Because Jim Peplinski hurt his hip in the first period Wednesday night, Calgary Coach Terry Crisp was forced to give more ice time to Brian MacLellan. And MacLellan tipped in Ric Nattress' shot with 14:41 to play, snapping a 1-1 tie and lifting the Flames into the Stanley Cup finals with a 3-1 victory over the Chicago Blackhawks.
"I'm the fourth-line left wing, no power play, no penalty-killing," MacLellan said. "I'm a pretty big guy and it takes me a while to get going. I need ice time. The only reason I got the time tonight is because Peplinski got hurt.
"It's a little frustrating. You want to contribute. Tonight was a great opportunity for me and I was fortunate to capitalize."
Joel Otto drew a faceoff back to Nattress at the point. Nattress' slap shot was about knee-high when MacLellan, skating in front of the net, got his stick on the puck and deflected it between the pads of goalie Alain Chevrier.
Crisp promised that MacLellan, a March 4 acquisition from Minnesota, would play more in the finals.
"He's just started to hit his stride," Crisp said. "He's got good hands for a big man. And from the blue line in, he's very dangerous with the puck. He's a big man in front of the net." Joe Nieuwendyk scored Calgary's other goals, including the clincher with 3:01 left as the Flames reached the finals for the second time in four seasons.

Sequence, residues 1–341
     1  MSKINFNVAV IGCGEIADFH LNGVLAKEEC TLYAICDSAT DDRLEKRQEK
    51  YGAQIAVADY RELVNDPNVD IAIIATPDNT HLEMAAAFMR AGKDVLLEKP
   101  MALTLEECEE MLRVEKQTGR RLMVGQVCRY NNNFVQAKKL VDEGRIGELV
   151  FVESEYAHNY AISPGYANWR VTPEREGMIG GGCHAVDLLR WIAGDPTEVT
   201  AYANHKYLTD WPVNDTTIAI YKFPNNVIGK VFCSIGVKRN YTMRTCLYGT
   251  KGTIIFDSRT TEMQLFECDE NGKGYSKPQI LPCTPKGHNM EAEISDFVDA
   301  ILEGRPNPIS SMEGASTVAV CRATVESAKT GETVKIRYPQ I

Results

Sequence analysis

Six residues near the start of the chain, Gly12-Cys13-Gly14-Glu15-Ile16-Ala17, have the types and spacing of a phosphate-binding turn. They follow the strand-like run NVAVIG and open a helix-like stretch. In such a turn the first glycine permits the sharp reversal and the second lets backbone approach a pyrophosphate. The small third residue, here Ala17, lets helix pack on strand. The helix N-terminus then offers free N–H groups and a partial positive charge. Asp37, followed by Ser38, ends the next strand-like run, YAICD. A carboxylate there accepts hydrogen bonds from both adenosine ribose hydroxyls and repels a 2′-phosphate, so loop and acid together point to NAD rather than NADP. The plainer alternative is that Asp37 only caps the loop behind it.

"I hope the other series goes seven," Nieuwendyk said. "We all need the rest. We could use the time to heal."
Said Crisp, whose club took the Campbell Conference championship series, 4-1, and has won nine of its last 10 playoff games: "If Philly and Montreal can keep banging away to a seventh game, all in overtime, it would help."
Calgary's only other appearance in the finals was in 1986, when it lost to Montreal in five games. The Flames want another shot at the Canadiens, who lead the Wales series, 3-2, going into Game 6 tonight at Philadelphia.
With 117 points, 51 more than Chicago, the Flames won the President's Trophy as the league's best team during the season. Calgary will have home-ice advantage during the finals, which will start Sunday if Montreal wins Thursday, or next Wednesday if Philadelphia forces a seventh game.